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M'Liss (1918 film)

From Wikipedia, the free encyclopedia

M'Liss
M'Liss poster.jpg
Film poster
Directed byMarshall Neilan
Alfred E. Green (ass't director)
Written byFrances Marion
Story byBret Harte
StarringMary Pickford
CinematographyWalter Stradling
Distributed byParamount Pictures
Release date
  • June 5, 1918 (1918-06-05)
Running time
73 minutes; 5 reels
CountryUnited States
LanguageSilent (English intertitles)

M'Liss is a 1918 American silent comedy drama film directed by Marshall Neilan, written by Frances Marion and based on a Bret Harte story. The film was made previously in 1915 and was remade again in 1922 as The Girl Who Ran Wild, starring Gladys Walton. Another same-titled remake was released in 1936, starring Anne Shirley.[1][2]

Plot

The film takes place in the mining town of Red Gulch in the High Sierra. M'Liss (Mary Pickford) is one of the inhabitants whose father "Bummer" (Theodore Roberts) lost his fortune in the gold mines. Now his only investment, which pays a dividend, is his chicken Hildegarde. M'Liss regards herself as a crook and robs Yuba Bill's stage coach. Yuba, however, is fascinated by the young lady and does not mind.

M'Liss is the only person in Bummer's life, since his brother Jonathan, a wealthy pioneer, lives in San Francisco. One day, Jonathan turns his face toward the Sunset Trail. Clara Peterson (Winifred Goodwin) has been his nurse for over three years and her brother Jim (Val Paul) finds out they will receive $500 each for their services after his death. He is outraged they will get only that small amount of money.

Mary Pickford and Thomas Meighan
Mary Pickford and Thomas Meighan

Charles Gray (Thomas Meighan) is the school teacher who wants M'Liss to go to school as well. M'Liss isn't interested in an education. Charles keeps on pursuing her and she finally decides to go. He demands her to mind her manners when she's at school. She talks back to the boards members and is expelled. Charles, however, is charmed by the brave young girl. That same day, Bummer gets stabbed in the back by an unknown person. The sheriff suspects Charles, since he was the last person to visit Bummer.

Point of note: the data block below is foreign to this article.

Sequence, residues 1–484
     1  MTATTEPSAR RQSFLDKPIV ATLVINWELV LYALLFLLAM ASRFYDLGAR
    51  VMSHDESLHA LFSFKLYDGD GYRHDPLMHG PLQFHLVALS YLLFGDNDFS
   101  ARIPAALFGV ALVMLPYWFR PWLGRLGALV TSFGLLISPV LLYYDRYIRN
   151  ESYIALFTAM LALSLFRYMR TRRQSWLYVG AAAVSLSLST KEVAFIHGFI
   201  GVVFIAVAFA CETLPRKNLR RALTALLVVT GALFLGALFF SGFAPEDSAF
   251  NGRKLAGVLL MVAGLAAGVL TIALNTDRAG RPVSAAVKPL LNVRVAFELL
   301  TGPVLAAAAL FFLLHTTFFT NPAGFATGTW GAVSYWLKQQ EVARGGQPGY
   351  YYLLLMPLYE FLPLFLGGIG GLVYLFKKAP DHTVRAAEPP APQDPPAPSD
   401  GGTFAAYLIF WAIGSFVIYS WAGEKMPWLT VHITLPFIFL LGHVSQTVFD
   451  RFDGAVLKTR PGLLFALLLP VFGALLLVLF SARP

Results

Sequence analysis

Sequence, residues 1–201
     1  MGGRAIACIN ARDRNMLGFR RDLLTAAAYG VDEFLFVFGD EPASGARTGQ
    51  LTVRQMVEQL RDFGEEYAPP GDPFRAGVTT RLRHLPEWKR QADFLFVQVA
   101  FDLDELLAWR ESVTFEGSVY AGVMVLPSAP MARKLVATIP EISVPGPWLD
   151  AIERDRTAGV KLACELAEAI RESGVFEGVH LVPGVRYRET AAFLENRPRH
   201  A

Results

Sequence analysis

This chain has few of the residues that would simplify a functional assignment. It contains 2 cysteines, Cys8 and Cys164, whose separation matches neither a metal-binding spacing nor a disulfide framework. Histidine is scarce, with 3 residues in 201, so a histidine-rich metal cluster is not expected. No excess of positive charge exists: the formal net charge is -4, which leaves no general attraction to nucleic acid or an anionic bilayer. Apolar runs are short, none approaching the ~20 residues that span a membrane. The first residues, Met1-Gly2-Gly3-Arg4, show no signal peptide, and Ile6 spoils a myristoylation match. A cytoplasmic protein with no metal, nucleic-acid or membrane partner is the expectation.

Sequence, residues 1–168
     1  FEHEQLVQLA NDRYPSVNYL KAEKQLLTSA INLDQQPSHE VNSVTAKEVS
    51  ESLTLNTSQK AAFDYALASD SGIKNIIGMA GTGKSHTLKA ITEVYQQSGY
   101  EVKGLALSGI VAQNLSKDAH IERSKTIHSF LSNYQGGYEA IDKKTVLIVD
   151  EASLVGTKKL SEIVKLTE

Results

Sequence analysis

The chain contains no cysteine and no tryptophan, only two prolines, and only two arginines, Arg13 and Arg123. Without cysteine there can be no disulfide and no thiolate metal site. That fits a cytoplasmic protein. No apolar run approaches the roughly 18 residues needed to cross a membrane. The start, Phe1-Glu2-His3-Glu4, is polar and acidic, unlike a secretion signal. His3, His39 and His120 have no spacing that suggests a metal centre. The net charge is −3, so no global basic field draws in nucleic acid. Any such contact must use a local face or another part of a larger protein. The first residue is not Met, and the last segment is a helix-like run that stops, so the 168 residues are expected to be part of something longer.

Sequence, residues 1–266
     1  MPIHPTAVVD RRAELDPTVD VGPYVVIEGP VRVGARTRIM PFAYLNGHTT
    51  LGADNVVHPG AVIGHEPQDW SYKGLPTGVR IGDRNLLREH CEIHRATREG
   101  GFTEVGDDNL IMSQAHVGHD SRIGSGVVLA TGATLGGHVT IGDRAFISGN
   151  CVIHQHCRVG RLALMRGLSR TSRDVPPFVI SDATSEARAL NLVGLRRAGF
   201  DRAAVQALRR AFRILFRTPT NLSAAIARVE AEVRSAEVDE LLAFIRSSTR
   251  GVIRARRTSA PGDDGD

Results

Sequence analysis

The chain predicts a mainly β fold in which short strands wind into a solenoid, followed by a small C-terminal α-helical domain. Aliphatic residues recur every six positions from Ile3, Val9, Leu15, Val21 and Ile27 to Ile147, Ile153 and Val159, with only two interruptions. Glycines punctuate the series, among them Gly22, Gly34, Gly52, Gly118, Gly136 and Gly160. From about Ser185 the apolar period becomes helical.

When M'Liss is informed, she is crushed. She is invited to visit the murderer in jail and is shocked to find out it's Charles. Three weeks later, a murder trial starts. M'Liss is the only one believing in Charles' innocence. Clara Peterson reaches town to visit Bummer, finding him dead, she declares herself his long lost widow and asserts her claim to the will. M'Liss refuses to believe she is her mother. Finally, Charles is sent to jail for 60 years. M'Liss helps him escape, but the police follow him. M'Liss witnesses them shooting Charles, but does not know they went after the wrong guy and actually shot Jim. Jim and Mexican Joe, with the help of the sheriff, admit they killed Bummer for his will. The fortune now belongs to M’Liss, who reunites with a now free Charles.

Cast

Reception

Like many American films of the time, M'Liss was subject to cuts by city and state film censorship boards. For example, the Chicago Board of Censors required cuts, in Reel 5, of the intertitle "Say, sheriff, how about a little necktie party" and the scene of the sheriff looking up tree and dropping rope.[3]

References

  1. ^ The New York Times Review Remakes
  2. ^ Progressive Silent Film List: M'Liss at silentera.com
  3. ^ "Official Cut-Outs by the Chicago Board of Censors". Exhibitors Herald. New York City: Exhibitors Herald Company. 6 (21): 31. May 18, 1918.

External links

This page was last edited on 8 November 2021, at 23:34
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